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The EU believes Apple was given an unfair advantage British Prime Minister David Cameron was critical of the tax regime for multinationals
The European Commission has said that two tax arrangements agreed between Ireland and the US computer giant Apple amount to illegal State aid.
The commission released a letter that the EU’s Commissioner for Competition sent to the Government in June formally giving its reasons for opening an investigation into Ireland’s arrangements with Apple.
The regulators said it is their “preliminary view” that deals entered into between Apple and the Irish tax authorities in 1991 and 2007 “constitute State aid” and therefore breached the 28-member EU’s rules on a free internal market.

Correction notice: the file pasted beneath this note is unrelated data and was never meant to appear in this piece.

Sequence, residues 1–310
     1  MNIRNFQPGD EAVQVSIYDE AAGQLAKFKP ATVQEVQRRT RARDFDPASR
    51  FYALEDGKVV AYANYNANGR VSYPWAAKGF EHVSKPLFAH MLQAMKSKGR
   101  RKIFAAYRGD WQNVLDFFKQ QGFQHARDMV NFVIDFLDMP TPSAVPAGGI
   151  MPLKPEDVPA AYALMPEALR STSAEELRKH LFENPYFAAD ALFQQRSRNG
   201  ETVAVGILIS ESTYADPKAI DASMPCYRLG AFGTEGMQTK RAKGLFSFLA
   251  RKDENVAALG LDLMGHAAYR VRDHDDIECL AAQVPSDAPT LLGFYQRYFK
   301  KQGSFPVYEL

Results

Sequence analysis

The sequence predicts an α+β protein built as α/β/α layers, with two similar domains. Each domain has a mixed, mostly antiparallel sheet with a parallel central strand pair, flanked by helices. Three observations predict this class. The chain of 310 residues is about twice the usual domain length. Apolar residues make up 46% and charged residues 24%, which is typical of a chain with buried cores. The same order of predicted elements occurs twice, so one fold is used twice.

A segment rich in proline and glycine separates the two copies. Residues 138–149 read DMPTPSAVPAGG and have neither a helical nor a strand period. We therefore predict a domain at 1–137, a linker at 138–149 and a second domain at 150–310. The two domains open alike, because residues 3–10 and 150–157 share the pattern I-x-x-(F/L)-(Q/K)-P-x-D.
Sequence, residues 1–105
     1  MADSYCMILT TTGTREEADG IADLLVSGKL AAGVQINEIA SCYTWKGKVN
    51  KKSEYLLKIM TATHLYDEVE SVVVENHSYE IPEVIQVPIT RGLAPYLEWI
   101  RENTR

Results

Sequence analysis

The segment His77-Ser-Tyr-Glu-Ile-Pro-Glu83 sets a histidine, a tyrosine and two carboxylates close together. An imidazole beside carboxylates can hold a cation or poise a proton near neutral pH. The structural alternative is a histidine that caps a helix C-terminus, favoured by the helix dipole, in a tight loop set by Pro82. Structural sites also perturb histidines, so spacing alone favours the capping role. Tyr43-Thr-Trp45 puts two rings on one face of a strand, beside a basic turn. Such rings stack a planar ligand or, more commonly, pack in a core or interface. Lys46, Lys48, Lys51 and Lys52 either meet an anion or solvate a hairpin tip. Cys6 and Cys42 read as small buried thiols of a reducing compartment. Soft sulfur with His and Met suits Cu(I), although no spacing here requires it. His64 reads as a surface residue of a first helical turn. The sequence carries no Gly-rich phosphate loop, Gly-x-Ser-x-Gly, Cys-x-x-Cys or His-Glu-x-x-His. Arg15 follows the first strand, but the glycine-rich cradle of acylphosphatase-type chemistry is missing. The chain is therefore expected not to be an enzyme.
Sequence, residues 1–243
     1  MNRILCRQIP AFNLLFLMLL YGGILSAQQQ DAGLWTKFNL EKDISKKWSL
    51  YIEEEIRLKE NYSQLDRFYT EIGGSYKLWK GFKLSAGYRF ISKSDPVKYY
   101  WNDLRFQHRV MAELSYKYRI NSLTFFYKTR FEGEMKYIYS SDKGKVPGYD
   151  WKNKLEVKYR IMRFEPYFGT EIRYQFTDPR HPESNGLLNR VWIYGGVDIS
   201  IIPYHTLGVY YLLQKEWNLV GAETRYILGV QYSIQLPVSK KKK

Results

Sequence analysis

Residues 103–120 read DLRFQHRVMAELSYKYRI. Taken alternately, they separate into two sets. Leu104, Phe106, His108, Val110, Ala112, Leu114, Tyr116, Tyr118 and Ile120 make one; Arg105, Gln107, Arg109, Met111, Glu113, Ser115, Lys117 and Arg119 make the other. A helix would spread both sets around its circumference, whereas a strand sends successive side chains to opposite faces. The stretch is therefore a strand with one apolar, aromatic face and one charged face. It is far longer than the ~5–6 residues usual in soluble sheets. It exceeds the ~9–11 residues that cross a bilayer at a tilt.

Commissioner Joaquin Almunia stated in the letter: “The commission has doubts about the compatibility of such State aid with the internal market.
“The commission is of the opinion that through those (tax) rulings the Irish authorities confer an advantage on Apple.
“That advantage is obtained every year and ongoing, when the annual tax liability is agreed upon by the tax authorities in view of that ruling.”
The commission asked Ireland to provide further information about the deals, which have benefited Apple since 1991.
The Government has strongly denied there was any preferential deal with Apple and has vowed to contest any ruling against the State in the European courts.
However, Apple would be required to repay potentially billions in restitution if found at fault.
Meanwhile, British Prime Minister David Cameron has criticised Ireland’s tax regime for multinational companies and welcomed international measures to curb schemes such as the “double Irish”.
It uses payments between related parts of a multinational company to shift income from a higher-tax country to a lower-tax country.